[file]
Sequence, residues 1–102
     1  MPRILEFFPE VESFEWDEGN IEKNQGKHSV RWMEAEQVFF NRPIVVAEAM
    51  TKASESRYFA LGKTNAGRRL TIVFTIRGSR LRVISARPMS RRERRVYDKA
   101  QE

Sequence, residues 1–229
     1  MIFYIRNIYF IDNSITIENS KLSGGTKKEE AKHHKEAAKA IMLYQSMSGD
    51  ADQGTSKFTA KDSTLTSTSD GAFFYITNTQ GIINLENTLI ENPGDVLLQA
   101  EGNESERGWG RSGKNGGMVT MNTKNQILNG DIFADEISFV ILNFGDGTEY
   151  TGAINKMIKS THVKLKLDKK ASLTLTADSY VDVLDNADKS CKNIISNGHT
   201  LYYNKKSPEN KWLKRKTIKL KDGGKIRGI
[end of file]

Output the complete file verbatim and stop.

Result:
Sequence, residues 1–102
     1  MPRILEFFPE VESFEWDEGN IEKNQGKHSV RWMEAEQVFF NRPIVVAEAM
    51  TKASESRYFA LGKTNAGRRL TIVFTIRGSR LRVISARPMS RRERRVYDKA
   101  QE

Sequence, residues 1–229
     1  MIFYIRNIYF IDNSITIENS KLSGGTKKEE AKHHKEAAKA IMLYQSMSGD
    51  ADQGTSKFTA KDSTLTSTSD GAFFYITNTQ GIINLENTLI ENPGDVLLQA
   101  EGNESERGWG RSGKNGGMVT MNTKNQILNG DIFADEISFV ILNFGDGTEY
   151  TGAINKMIKS THVKLKLDKK ASLTLTADSY VDVLDNADKS CKNIISNGHT
   201  LYYNKKSPEN KWLKRKTIKL KDGGKIRGI